All Quiet on the Western Front vs. The Man he Killed
There are many different opinions about war. Some people argue that war is necessary and others argue that war is only destructive and miserable. In “All Quiet on the Western Front” by Erich Maria Remarque and “The Man He Killed” by Thomas Hardy, they compare and contrast their similar outlooks on the war. Both texts try to express and deal with their perspectives of war through the ideas of nationalism, the similarities of two enemies, and the lost generation.
In “The Man He Killed,” the first stanza states “Had he and I but met by some old ancient inn, we should have set us down to wet right many a nipperkin.” In the second stanza, it continues to say, “But ranges as infantry, and staring face to face, I shot him as he at me, and killed him in his place.” These stanzas portray that if they weren’t meeting in battle, they could have been friends and he didn't have to kill the other man. They didn’t hate each other, they didn’t know each other; they were fighting because it was their commitment to their country. In “All Quiet on the Western Front,” Kropp suggests that instead of this defective, awful system of war, the generals and leaders should be put in an arena and fight, and the last one standing is claimed the winner of the war. This demonstrates that even though Kropp is willing to die for his country, he does not agree with how it runs and he doesn’t believe that it’s fair, but he continues to fight for his country because it’s his responsibility. In comparison, both situations express nationalism because even though neither of them agree that what they are doing isn’t moral or ethical, they continue because it’s their duty and they want to be honorable to their country.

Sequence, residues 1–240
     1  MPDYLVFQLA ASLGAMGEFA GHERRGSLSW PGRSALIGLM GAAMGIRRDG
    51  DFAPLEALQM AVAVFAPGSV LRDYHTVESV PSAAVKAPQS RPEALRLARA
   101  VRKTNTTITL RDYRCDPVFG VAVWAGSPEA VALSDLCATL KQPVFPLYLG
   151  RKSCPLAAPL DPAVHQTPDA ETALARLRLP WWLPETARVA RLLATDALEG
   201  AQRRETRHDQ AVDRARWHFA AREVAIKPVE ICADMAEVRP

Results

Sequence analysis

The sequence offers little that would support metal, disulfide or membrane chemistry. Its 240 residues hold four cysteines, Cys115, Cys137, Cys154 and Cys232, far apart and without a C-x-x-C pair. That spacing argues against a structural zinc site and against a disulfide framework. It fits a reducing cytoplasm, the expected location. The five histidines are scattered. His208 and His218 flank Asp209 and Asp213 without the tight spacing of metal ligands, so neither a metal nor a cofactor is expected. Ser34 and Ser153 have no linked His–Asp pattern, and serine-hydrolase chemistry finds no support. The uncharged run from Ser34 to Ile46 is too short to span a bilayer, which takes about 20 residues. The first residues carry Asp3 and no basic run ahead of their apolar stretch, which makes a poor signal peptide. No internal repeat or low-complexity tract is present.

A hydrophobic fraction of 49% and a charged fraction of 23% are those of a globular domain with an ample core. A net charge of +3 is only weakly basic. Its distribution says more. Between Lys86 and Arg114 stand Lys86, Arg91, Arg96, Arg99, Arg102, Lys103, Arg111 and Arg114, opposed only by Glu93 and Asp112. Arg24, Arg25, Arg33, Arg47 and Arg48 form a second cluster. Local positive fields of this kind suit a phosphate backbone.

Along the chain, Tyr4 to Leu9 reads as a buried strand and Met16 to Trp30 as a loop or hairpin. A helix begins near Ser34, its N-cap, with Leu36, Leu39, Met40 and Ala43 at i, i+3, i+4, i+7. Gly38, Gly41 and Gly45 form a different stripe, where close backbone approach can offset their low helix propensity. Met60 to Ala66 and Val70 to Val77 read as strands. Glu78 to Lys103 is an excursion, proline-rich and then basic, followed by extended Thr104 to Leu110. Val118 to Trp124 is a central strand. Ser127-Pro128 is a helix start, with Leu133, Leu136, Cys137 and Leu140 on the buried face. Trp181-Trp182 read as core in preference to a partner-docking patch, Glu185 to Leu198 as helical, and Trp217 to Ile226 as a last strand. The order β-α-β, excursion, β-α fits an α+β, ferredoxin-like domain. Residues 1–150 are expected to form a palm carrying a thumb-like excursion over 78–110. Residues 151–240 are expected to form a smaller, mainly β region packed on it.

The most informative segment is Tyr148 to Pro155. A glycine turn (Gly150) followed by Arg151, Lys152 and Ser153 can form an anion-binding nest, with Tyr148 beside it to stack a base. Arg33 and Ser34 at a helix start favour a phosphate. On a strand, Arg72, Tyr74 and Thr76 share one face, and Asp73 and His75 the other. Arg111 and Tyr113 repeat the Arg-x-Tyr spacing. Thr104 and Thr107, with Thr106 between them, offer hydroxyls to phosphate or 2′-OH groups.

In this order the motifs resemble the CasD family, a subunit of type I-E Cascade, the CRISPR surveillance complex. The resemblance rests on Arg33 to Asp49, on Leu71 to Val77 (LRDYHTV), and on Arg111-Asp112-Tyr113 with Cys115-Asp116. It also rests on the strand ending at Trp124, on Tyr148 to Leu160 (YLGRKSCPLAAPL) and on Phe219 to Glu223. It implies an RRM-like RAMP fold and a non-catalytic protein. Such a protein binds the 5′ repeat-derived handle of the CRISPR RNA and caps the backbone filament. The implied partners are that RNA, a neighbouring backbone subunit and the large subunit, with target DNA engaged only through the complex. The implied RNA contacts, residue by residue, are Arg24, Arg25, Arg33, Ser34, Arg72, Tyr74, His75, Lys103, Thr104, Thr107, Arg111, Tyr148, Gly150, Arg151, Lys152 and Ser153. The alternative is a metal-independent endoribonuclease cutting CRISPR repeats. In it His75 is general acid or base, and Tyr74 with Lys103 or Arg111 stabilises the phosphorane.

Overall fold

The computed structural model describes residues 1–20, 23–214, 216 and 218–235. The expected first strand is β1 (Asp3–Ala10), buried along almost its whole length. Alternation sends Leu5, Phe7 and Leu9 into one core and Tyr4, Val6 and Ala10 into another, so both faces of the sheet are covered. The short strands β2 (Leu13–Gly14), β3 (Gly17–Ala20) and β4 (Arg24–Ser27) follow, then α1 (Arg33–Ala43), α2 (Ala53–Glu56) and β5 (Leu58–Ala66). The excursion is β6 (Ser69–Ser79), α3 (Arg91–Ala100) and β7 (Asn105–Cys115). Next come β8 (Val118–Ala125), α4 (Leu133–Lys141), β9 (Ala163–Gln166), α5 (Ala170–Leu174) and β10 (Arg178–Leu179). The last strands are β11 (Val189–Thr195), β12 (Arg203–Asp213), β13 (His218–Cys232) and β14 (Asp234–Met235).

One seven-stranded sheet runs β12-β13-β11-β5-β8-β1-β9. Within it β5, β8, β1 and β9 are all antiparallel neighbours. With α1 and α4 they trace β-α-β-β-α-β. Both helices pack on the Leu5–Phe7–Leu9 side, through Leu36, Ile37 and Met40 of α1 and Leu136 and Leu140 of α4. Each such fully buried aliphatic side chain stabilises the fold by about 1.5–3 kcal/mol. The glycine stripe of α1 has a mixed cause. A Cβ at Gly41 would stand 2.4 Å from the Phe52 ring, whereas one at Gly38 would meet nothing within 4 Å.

In chapter eight of All Quiet on the Western Front, Paul says “They look just as kindly as our own peasants in Friesland,” when he was next to a Russian prisoner of war camp. Paul is astonished that if he were to see these men...